We woke up this morning to a world caked in white — big draping sheets of snow hanging from our garage, soft blankets of white where our lawn furniture used to sit, and large puffy flakes falling down. My five-year old daughter’s eyes were wide with amazement, even though she’s seen snow before. I too feel that every year it’s a miracle, a revelation how quickly the landscape can transform. All city schools were closed, even the college where I teach (in an unprecedented move, the governor cancelled classes at all Wisconsin universities). Although I vow every spring not to waste one opportunity to ski, this week I’m in the midst of grading and have no time to spare. Next week I can ski, after my grades are in.
It's illustrative how people respond to acts of nature, changes out of our control. As a child growing up in Buffalo, NY, snow days were unequivocal gifts, magical reprieves from a school I hated. My sister, mother, and I stayed inside except for the occasional freezing trudge to the corner store for milk, bread, and eggs. We didn’t ski; in Buffalo, the snow was something to fear and respect, not a source of enjoyment. Although being cooped up inside made us fretful and bored, I was always grateful for a snow day. However, now I’m not very good with changes to my routine. One unplanned accident and my carefully constructed end-of-the-semester plans fall down like dominoes.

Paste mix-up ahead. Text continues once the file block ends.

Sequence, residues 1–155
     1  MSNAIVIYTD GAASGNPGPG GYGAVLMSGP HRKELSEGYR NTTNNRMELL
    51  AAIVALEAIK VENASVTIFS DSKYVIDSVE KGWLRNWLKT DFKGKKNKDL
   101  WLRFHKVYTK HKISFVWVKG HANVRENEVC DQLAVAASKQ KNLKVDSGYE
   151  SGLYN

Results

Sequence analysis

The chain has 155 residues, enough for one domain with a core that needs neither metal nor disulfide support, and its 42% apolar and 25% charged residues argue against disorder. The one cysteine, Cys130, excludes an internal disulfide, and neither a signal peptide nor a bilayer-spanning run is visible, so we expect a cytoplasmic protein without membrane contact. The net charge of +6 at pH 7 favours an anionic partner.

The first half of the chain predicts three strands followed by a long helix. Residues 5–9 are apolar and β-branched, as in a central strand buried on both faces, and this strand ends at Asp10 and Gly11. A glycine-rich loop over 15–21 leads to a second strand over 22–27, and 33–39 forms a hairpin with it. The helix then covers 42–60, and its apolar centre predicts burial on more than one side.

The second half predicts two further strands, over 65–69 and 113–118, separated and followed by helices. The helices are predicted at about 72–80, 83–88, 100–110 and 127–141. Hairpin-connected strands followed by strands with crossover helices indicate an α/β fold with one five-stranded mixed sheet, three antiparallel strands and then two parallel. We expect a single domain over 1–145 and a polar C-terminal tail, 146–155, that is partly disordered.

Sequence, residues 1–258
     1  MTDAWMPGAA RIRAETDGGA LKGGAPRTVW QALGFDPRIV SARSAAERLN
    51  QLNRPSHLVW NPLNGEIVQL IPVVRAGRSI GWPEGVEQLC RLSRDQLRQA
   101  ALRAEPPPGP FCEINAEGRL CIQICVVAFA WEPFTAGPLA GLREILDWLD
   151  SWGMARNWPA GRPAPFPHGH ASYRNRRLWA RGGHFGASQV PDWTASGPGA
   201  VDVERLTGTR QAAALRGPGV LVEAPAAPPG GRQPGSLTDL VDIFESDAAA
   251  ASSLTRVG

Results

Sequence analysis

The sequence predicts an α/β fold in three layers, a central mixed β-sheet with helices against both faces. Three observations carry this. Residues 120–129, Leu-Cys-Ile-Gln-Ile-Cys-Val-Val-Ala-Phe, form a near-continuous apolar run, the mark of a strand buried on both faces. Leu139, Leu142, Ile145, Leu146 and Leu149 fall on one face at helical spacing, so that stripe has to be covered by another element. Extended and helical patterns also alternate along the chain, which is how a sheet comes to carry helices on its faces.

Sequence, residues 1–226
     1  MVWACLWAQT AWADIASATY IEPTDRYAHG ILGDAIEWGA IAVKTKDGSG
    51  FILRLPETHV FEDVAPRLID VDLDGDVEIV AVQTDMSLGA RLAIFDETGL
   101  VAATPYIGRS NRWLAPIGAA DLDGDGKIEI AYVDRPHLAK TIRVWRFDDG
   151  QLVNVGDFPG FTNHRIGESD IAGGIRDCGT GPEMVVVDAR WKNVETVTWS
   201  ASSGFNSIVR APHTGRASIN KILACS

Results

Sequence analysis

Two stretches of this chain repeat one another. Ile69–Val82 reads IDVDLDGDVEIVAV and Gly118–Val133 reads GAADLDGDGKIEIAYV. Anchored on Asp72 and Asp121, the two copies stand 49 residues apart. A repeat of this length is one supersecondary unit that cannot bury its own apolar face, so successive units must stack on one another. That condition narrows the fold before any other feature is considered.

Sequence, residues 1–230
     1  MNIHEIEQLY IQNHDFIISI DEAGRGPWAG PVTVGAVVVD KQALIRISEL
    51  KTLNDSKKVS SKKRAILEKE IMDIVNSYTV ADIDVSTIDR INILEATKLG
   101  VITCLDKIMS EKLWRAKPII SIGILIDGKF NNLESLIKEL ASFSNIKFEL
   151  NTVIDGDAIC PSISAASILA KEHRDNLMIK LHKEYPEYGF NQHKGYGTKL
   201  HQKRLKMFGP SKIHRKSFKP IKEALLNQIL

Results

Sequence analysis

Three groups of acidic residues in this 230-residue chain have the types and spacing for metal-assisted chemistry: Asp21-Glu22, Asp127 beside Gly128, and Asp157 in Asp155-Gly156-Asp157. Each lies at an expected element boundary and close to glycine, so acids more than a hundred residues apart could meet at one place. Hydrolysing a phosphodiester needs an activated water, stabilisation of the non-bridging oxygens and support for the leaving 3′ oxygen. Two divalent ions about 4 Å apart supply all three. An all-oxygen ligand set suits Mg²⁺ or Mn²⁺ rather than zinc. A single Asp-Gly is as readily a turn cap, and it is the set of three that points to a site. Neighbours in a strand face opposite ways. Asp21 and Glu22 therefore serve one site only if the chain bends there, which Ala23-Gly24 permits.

Today I fretted about rescheduling an exam, and spent most of the day grouchily grading essays. Coincidentally, my students’ essays were about the snow — or rather, Audrey Schulman’s wonderful novel, The Cage, about a failed expedition to the Arctic and the unlikely heroine who survives. Unlike most of the other self-conscious women travelers we’ve read about, the heroine of Schulman’s novel spends little time on interior reflection and instead becomes achingly aware of her physical body and the natural landscape as she fights for survival.
My students found the character’s amazing adventure and the descriptions of the pristine arctic beauty exhilarating. A couple of students emailed me photos of themselves reading the novel with their backs pressed against giant snow banks.
Finally this afternoon, I put down the remaining ungraded papers, closed my laptop, stepped into my cross-country skis and headed into the unplowed streets — past neighbors shoveling out their driveways, away from my messy house and unanswered emails. The snow was soft and a bit sticky and my legs were a felt stiff, but it was wonderful to be gliding. Snow is unpredictable; you really do have to drop everything the moment it arrives.
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